Our readers are no doubt aware of the pending Supreme Court case regarding same-sex “marriage.” Because of the timeliness and significance of the issue, we will be publishing a series of daily posts this week only, from Scott Allen, the president of Disciple Nations Alliance.
The current conflict involving Christians and homosexuals portends big upheaval.
Dan McLaughlin, a Catholic attorney and writer from New York, wrote a series of articles last week at The Federalist, “Can Gays and Christians Co-Exist in America.” The posts are important, powerful, and deeply biblical in their theological orientation.
Like Dan, I’ve come to see the seriousness of this issue, and have concluded that we in West are in the midst of a major cultural and moral upheaval, one of the most significant and consequential in our history. As followers of Christ, we must gird ourselves, our families and churches to respond this gathering storm with truth, and in love.
Here are some highlights from Dan’s first installment.
Without a vigorous defense, believing Christians in this country face a genuine existential threat: that our culture and legal systems will declare the adherence to core Christian doctrines—unchanged for millennia, directly derived from the words of Jesus and the letters of St. Paul … to be outside the bounds of civilized society in the way that the Ku Klux Klan is today.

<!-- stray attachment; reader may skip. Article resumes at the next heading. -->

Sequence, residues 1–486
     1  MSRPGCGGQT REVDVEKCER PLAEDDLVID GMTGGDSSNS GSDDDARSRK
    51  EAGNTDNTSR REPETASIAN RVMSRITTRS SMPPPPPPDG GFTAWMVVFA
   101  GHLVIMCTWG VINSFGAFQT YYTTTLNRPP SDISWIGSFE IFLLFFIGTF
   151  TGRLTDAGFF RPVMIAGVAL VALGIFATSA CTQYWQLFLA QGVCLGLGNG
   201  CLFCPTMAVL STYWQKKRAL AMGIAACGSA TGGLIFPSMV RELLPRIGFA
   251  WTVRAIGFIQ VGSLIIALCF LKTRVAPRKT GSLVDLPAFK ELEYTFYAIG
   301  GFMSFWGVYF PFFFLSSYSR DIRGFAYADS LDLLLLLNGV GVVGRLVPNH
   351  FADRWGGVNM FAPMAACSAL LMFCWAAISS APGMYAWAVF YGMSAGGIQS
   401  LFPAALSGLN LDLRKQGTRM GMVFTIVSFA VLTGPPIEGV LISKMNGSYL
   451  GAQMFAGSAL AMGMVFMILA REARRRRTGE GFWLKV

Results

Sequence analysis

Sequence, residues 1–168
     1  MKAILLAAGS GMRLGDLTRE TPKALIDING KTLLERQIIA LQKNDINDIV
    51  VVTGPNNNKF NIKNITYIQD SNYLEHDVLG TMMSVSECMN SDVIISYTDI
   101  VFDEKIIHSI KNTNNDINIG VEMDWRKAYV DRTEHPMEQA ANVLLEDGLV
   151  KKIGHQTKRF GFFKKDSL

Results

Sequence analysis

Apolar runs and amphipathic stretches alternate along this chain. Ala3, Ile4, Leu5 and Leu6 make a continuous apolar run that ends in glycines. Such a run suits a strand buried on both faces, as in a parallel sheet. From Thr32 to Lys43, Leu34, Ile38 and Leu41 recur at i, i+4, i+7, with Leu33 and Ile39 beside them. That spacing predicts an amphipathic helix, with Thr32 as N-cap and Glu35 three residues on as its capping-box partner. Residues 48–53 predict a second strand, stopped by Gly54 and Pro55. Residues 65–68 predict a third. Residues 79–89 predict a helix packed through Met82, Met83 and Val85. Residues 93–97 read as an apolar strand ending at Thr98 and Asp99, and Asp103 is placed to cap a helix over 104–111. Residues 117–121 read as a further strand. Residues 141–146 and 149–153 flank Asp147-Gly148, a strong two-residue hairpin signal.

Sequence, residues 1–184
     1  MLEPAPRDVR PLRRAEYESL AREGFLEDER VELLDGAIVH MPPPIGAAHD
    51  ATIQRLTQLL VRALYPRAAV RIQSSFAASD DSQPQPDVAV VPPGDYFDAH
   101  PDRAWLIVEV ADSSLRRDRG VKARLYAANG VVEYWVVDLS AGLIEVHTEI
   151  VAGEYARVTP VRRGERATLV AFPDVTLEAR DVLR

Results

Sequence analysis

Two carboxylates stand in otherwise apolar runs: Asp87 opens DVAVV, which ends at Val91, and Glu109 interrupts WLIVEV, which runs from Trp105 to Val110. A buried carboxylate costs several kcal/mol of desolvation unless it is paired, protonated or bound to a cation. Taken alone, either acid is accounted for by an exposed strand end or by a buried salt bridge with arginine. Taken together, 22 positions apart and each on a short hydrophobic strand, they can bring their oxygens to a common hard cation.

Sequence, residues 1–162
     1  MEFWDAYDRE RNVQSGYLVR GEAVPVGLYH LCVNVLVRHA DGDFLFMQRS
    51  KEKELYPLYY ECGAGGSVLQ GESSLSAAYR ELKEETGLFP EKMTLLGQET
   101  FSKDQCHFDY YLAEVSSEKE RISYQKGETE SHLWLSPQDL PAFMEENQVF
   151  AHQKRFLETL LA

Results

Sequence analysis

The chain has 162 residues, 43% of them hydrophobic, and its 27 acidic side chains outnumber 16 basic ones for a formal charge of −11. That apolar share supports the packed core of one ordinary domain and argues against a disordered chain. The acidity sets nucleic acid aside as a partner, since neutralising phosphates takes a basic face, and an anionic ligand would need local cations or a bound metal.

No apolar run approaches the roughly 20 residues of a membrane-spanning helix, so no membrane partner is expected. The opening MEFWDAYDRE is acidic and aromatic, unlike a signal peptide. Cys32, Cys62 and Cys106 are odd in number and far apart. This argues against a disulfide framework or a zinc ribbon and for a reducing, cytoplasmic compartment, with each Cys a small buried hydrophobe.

Should faithful followers [Jesus Christ], be run out of public life? Should those of us who still believe in the words of Jesus of Nazareth be afraid or ashamed to say so in public? Make no mistake: these are the stakes, and trying to quietly keep our heads down and stay out of trouble will not long put off the day of reckoning.
A series of judicial decisions have held that nobody who takes the traditional side of this argument could possibly be rational, reasonable, or motivated by anything but bigotry, and the Supreme Court may be on the cusp within the next few weeks of doing the same.
The stakes are embedded in the language of debate itself, in which any response to arguments about the equivalence of same-sex relationships to traditional marriage is deemed “homophobia”—literally, a diagnosis that any person professing traditional Christian teachings … suffers from a phobia, a form of mental illness … These are not the terms of debate used against reasonable people who can disagree in good faith; they are the terms of delegitimization, designed to brand the opposing argument as unfit to be heard in civil society, and its proponents as people deserving of being driven from full participation in that society.
[We have witnessed a] shift in social and cultural sentiment, starting among our social elites—lawyers, academics, entertainers, social scientists—that filters down to young people eager to accept what these authority figures tell them.
… ultimately, whether peaceful coexistence is possible is not ours to decide. We can only wait and see whether the proponents of same-sex marriage—flush with political power, brimming with unquestioning and judgmental certainty, and in some cases seething with long-nursed grievances—are willing or able to find any stopping point that does not force believing Christians into a choice between renouncing the central truth claims of their faith or being driven from decent society as if they were Klansmen. It is more likely that this will happen if we lack the courage to explain and defend our own beliefs. If we act as if those beliefs are an embarrassment, we only abet their suppression.